Good morning! Get your day started with the top reads from today’s edition.Gujarat, Himachal election results todayThe Bharatiya Janata Party (BJP) is looking to return to power for a seventh consecutive term in Gujarat, riding on the Narendra Modi-wave. All eyes, however, are on the Aam Aadmi Party (AAP), which is flying high after its win in the civic polls in Delhi, and hopes to create dents in the BJP bastion. A question remains over the Congress’s fate after its low-key campaign in the state.In Himachal Pradesh, meanwhile, exit polls have predicted a tight race between the BJP and Opposition Congress, with AAP’s bid falling short after it redirected its energies to the Gujarat elections.Head to indianexpress.com for live updates on the counting of votes, analysis and more.Here are five other stories you shouldn’t missThe role, however, comes with its own set of challenges — from an uphill task of selecting a mayor to tackling issues it attacked the BJP on.While the BJP has managed to perform better than exit polls had predicted, would it have retained its control over the MCD had it not been unified? Take a look at our analysis.The Congress, meanwhile, has won just nine out of 250 seats in the MCD, losing its hold over a city it once governed.2. The UP police thought it was a simple open-and-shut case. They believed that a 14-year-old girl, who went missing from her home in Aligarh, was killed and dumped over 90 km away in Agra by her neighbour. Little did the family and police know that the girl was now a married woman, a mother of two children, working mustard fields, attending weddings and religious functions at her new home in Hathras. A chance meeting with a katha vachak (storyteller) blew her cover and the police investigation.3. As tensions continue to mount along the Maharashtra-Karnataka border, the inter-state dispute was echoed in the Parliament on Wednesday. NCP member Supriya Sule accused Karnataka Chief Minister Basavaraj Bommai of “making ad hoc statements” and “conspiring to break Maharashtra”. Ruling BJP MPs from Karnataka took objection to her remarks and pointed out that the matter is in Supreme Court.4. The Monetary Policy Committee (MPC) of the Reserve Bank of India (RBI) has unveiled its latest review of the monetary policy. In it, the RBI cut India’s GDP (gross domestic product) growth forecast for the current financial year, maintained the inflation forecast, and raised the repo rate by 35 basis points. Why has RBI taken this hawkish stand? What does the GDP forecast signify about economic recovery? Udit Misra explains. 5. FIFA World Cup 2022: After Morocco’s win over Spain, the team’s star player Achraf Hakimi tore away to the enclosure where his mother was seated. He climbed over the barricade and hugged her, tears rolling down the eyes of both. Not just Hakimi, you could see several other teammates in the embrace of their parents. In fact, parents of most of the Moroccan players are in Doha to watch their children play, many capping long journeys of hardship and pain. 🎧 Before you go, tune in to our podcast, ‘3 Things’: In today’s episode, we talk about the border dispute between Maharashtra and Karnataka, Goldy Brar’s alleged detention and subsequent interview, and delay in Ayodhya Mosque after 2019 Supreme Court judgement.Until tomorrow, Sonal Gupta and Rahel Philipose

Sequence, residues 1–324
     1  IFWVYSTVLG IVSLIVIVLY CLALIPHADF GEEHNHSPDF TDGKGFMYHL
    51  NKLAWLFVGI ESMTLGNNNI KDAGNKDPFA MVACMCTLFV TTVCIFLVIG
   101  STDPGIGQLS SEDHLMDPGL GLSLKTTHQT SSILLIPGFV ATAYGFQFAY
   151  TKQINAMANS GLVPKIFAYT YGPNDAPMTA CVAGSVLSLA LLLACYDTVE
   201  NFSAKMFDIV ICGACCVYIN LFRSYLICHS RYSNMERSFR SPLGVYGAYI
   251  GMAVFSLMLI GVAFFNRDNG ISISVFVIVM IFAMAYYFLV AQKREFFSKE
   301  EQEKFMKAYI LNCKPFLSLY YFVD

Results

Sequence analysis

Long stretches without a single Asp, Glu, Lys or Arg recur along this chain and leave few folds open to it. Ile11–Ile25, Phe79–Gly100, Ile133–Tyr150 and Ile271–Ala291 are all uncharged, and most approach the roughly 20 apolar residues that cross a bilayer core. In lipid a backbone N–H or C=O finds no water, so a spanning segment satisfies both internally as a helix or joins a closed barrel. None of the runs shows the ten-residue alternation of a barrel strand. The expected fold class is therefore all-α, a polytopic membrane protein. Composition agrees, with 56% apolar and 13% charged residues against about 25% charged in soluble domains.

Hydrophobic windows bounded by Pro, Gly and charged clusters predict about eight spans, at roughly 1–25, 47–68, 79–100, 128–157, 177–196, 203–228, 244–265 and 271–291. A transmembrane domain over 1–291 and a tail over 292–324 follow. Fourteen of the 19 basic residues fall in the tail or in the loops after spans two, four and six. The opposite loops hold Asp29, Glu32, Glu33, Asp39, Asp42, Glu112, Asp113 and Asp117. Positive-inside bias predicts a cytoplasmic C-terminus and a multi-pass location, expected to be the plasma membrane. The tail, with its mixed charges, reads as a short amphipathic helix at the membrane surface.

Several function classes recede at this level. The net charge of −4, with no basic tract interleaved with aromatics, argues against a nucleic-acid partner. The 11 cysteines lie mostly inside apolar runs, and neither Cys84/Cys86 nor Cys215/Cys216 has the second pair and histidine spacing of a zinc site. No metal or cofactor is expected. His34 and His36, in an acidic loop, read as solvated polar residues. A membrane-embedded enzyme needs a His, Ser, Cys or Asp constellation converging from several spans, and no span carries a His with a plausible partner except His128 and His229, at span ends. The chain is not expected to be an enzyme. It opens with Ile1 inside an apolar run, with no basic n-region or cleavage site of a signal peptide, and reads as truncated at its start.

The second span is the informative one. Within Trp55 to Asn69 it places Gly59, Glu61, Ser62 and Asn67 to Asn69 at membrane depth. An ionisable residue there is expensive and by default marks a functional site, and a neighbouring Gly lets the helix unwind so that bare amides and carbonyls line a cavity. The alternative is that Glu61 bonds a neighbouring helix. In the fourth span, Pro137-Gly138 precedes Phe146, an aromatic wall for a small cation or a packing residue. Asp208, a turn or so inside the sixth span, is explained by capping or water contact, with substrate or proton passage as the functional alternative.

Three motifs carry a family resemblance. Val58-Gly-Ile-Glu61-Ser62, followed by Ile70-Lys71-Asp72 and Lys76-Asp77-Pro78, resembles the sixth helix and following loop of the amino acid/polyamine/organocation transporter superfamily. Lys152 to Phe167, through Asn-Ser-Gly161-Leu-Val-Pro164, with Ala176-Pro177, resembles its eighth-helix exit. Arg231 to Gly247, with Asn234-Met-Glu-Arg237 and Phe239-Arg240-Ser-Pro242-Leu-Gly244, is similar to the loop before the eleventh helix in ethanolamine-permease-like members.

Will it be a seventh consecutive term in power for the BJP in Gujarat; how many seats will the Aam Aadmi Party (AAP), flying high after its victory in the Municipal Corporation of Delhi (MCD) elections on Wednesday, win; and what will be the Congress’s fate after it ran a low-key campaign?If the exit polls are anything to go by, the BJP is set to equal the Left Front’s record in West Bengal on Thursday while the Arvind Kejriwal-led party is not likely to cross 10 seats in the 182-member Assembly. The Congress, whose spirited campaign had brought down the ruling party’s tally to 99 seats in 2017, is expected to register its worst performance in Gujarat, with none of the pollsters giving the grand old party more than 51 seats.The BJP’s campaign blitzkrieg was centred around Prime Minister Narendra Modi who crisscrossed the state, making an emotional pitch to Gujaratis to “strengthen him”, the son of the soil. He addressed around 30 rallies and road shows, wrapping up the campaign with two roadshows and covering more than over 50 km in Ahmedabad city that is considered to be the BJP’s bastion. Union Home Minister Amit Shah was the second-most prominent campaigner for the party. He was in the state for almost two months, micromanaging the campaign and election strategy for the BJP. He also spent a considerable time in his Gandhinagar Lok Sabha constituency, finalising the candidate list and trying to pacify rebels.The BJP also deployed its heavy-hitters such as chief ministers Yogi Adityanath, Himanta Biswa Sarma, Shivraj Singh Chouhan and Pramod Sawant, Maharashtra Deputy CM Devendra Fadnavis, Defence Minister Rajnath Singh, and national president JP Nadda for campaigning. The ruling party struck a balance between playing its Hindutva card — it raked up issues such as the 2002 riots and “love jihad”, and in its poll manifesto promised an anti-radicalisation cell and the implementation of the Uniform Civil Code — and its caste arithmetic.Unlike in 2017, when the Patidar quota agitation hit the party hard and benefitted the Congress, this time the BJP tried to get the caste calculus right. It dropped veterans and fielded at least 19 candidates who were originally from the Congress, emphasising “winnability” at the cost of some dissidence in its rank and file.AAP’s debutThe AAP put as much effort into its campaign as the BJP, with its convener and Delhi CM Arvind Kejriwal and Punjab CM Bhagwant Mann addressing almost as many rallies a day as Modi. With a debilitated Congress running a quiet campaign, the AAP succeeded in creating the perception that it is the main Opposition to the BJP. In a state where the BJP is overwhelmingly dominant, it projected itself as a better candidate to be a more vigilant Opposition than a deflated Congress.Kejriwal’s campaign was based on a call for change after decades of BJP rule and focused on pushing the Delhi school model, a set of “10 guarantees,” and the promise to take pilgrims to the Ram Temple in Ayodhya. Though the party is expected by all to open its account, most likely it has to be content with having a foundation on which it can build for the future in a state that has never had a third front.Interestingly, both the Congress and the BJP found common ground in their Opposition to the AAP, saying that the noise it created is disproportionate to its strength and that history isn’t on Kejriwal’s side when it comes to a third front. Former CMs Shankersinh Vaghela who led the Rashtriya Janata Party and Keshubhai Patel who led the Gujarat Parivartan Party (GPP) failed in building a third front in the state.Congress’s troublesIn 2017, the Congress was able to take advantage of the churning in the state resulting from the disenchantment of the Patidar community, farmers and traders with the BJP. Before the elections, it deputed its top leader Ashok Gehlot, the current Rajasthan CM, to Gujarat well in advance and allocated significant resources for campaigning.But this time, Rahul Gandhi, who led a major outreach and travelled across the state, was busy with the Bharat Jodo Yatra and visited Gujarat only for a day. Save Congress president Mallikarjun Kharge, other top leaders of the party were absent. Though former Gujarat Congress president Arjun Modhwadia claimed that this strategy of running a grassroots campaign “helped the candidates focus on the real issues of price rise, unemployment, on which the BJP avoided a debate”, the exit polls showed this will likely fail and lead to a further shrinking of its footprint in a state where it has been out of power for more than three decades.